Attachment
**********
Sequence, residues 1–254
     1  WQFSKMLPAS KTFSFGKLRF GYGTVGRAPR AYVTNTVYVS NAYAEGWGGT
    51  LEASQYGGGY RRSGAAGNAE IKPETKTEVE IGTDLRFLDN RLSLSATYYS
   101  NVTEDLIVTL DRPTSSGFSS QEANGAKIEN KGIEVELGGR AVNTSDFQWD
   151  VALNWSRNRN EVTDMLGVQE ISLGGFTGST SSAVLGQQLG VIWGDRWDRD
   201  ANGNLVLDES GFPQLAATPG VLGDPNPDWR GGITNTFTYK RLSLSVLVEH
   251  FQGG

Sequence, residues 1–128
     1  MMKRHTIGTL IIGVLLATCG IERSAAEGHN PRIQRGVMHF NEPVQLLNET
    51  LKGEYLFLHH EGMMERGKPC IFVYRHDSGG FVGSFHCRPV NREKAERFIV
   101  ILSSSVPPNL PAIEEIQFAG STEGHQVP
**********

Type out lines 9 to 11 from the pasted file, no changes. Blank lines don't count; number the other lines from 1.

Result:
     1  MMKRHTIGTL IIGVLLATCG IERSAAEGHN PRIQRGVMHF NEPVQLLNET
    51  LKGEYLFLHH EGMMERGKPC IFVYRHDSGG FVGSFHCRPV NREKAERFIV
   101  ILSSSVPPNL PAIEEIQFAG STEGHQVP